Dorgan amendment to strip a "guest worker" provision

On May 22, the Senate voted on an amendment sponsored by Sen. Byron Dorgan (D-N.D.), to strip a "guest worker" program from the bill. The amendment failed, 31-64.[2]


Bingaman amendment to reduce the number of non-immigrants admitted into the country

On May 23, the Senate approved an amendment sponsored by Sen. Jeff Bingaman (D-N.M.) to "reduce to 200,000 the number of certain non-immigrants permitted to be admitted during a fiscal year."[3]


Same for all scorecards:

Scored vote

Scorecard: U.S. Chamber of Commerce 2007 Senate Scorecard

Org. position: Nay

Description:

"Despite strong opposition by the Chamber, the Senate, by a vote of 74-24, agreed to an amendment to S. 1348, the Secure Borders, Economic Opportunity, and Immigration Reform Act, that would have cut the number of temporary workers in a future essential worker program from 400,000 to 200,000 a year. The Chamber supports a temporary worker program that realistically takes into account the needs of the economy in setting the number of visas to be granted. Ultimately, the Senate was unable to garner the support necessary to limit debate and bring S. 1348 to a final vote, and this amendment was not passed into law."

(Original scorecard available at: http://www.uschamber.com/issues/legislators/07htv_senate.htm)

June 2007

Kennedy amendment to institute new border security measures including electronic verification system

  • The amendment also would create a “merit-based” system for the allocation of some green cards. Criteria would include a high demand occupation, proficiency in English, and higher education degrees. Family relations would determine allocation of half of green cards. Amendment also allows for a temporary guest worker program.[4]


Same for all scorecards:

Scored vote

Scorecard: Americans for Democratic Action 2007 Senate Scorecard

Org. position: Aye

Description:

"Motion to invoke cloture on Kennedy (D-MA) legislation to overhaul U.S. immigration policies and institute new border security measures, including an electronic verification system. It would allocate some green cards on a “merit-based” system based on certain criteria, including a high demand occupation, proficiency in English, and higher education degrees. Half of the green cards would be allocated based on family relations. It also would provide for a temporary guest worker program that would allow workers to remain in the United States for up to six years, provided that they return to their home country for a year after every two years they remain in the United States."

(Original scorecard available at: http://www.adaction.org/pages/publications/voting-records.php)

Allard amendment to eliminate Z-visa preference given to illegal over legal immigrants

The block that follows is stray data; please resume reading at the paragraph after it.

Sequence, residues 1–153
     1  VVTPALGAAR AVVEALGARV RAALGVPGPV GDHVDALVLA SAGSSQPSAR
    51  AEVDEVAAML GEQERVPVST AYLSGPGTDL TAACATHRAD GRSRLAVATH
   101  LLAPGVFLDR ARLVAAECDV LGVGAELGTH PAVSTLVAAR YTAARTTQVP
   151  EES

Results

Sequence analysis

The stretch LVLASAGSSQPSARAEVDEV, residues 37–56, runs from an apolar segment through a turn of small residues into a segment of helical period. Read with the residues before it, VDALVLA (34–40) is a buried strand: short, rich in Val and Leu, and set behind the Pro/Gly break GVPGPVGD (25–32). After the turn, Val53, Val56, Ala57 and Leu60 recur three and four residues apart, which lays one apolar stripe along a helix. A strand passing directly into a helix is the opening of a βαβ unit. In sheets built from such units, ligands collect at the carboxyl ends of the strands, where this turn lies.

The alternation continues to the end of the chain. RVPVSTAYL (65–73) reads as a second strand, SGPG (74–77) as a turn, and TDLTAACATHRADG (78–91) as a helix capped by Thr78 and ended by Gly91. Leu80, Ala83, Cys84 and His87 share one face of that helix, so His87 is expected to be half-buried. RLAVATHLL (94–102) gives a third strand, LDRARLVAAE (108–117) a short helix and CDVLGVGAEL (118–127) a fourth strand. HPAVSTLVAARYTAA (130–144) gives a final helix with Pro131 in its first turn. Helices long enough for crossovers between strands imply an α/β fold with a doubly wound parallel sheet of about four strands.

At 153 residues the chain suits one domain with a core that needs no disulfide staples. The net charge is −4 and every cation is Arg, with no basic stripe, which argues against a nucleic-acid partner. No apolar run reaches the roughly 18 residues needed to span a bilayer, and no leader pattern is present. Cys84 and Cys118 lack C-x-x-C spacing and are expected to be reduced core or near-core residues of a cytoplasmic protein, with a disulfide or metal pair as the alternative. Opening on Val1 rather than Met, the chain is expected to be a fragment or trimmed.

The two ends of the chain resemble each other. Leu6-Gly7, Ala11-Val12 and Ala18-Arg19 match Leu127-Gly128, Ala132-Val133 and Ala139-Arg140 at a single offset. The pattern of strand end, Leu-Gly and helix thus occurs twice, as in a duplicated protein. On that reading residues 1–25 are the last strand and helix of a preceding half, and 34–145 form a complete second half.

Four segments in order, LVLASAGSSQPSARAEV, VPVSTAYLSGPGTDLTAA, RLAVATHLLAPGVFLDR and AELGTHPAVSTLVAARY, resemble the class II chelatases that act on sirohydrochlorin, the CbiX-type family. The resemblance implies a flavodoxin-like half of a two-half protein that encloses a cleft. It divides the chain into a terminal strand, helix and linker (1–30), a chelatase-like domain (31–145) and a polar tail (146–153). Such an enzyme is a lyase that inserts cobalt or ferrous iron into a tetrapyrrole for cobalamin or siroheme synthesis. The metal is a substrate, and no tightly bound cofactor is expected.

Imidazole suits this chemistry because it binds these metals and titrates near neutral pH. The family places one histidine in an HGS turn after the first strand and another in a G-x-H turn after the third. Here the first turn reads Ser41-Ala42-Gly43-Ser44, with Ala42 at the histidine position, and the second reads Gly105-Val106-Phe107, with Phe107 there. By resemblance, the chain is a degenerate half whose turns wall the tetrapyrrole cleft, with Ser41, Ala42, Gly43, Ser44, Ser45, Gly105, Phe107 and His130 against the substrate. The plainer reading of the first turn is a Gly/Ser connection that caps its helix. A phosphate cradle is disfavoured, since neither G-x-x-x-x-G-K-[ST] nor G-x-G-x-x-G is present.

• The amendment (Amdt. No. 1189), introduced by Sen. Wayne Allard (R-Colo.), would eliminate the preference given to people who entered the United States illegally over people seeking to enter the country legally in the merit-based evaluation system for visas. The measure failed, 31-62.[5]


Durbin amendment to ensure that employers make efforts to recruit American workers

  • An amendment (Amdt. No. 1231), offered by Sen. Richard Durbin (D-Ill.), would ensure that employers make efforts to recruit American workers. The measure passed by a vote of 71-22.


McConnell amendment to require individuals voting in person to present photo ID


Feingold amendment to investigate injustices suffered by refugees during WWII

  • An amendment (Amdt. No. 1176), sponsored by Sen. Russ Feingold (D-Wis.), would establish commissions to review the facts and circumstances surrounding injustices suffered by European Americans, European Latin Americans, and Jewish refugees during World War II. The measure passed by a vote of 67-26.


Kennedy amendment to increase immigration-related penalties associated with various criminal activities

  • An amendment (Amdt. No. 1333), offered by Sen. Ted Kennedy (D-Mass.), would offer penalties more moderate than the Cornyn amendment (see below). The Kennedy amendment would increase the immigration-related penalties associated with various criminal activities, and passed by a vote of 66-32.


Cornyn amendment to bar legal status for any aliens who have committed identity fraud or disobeyed deportation orders

  • An amendment (Amdt. No. 1184), sponsored by Sen. John Cornyn (R-Texas), would establish a permanent ban for gang members, terrorists, and other criminals. Supporters of the overall bill overcame a major hurdle when the Senate narrowly defeated the amendment, which would have barred legal status for aliens who engaged in identity fraud or disobeyed deportation orders. The measure would have made it substantially more difficult for many illegal immigrants to eventually gain legal status, as many illegal immigrants commit identity fraud when trying to obtain legal employment. The Cornyn measure failed by a vote of 46-51, with nine Democrats voting for it and 10 Republicans voting against it.[6]


DeMint amendmenet to require healthcare coverage for Z-visa holders

  • An amendment (Amdt. No. 1197), offered by Sen. Jim DeMint (R-S.C.), would require health care coverage for holders of Z-nonimmigrant visas. The measure failed 43-55.


Bingaman amendment to remove the requirement that immigrants leave the U.S. before renewing their visas

  • An amendment (Amdt. No. 1267), offered by Sen. Jeff Bingaman (D-N.M.), would remove the requirement that Y-1 nonimmigrant visa holders leave the United States before they are able to renew their visa. The measure failed, 41-57.


Cornyn amendment to address documentation of employment

  • An amendment (Amdt. No. 1250), offered by Sen. John Cornyn (R-Texas), would address documentation of employment and make an amendment with respect to mandatory disclosure of information. The measure passed 57-39.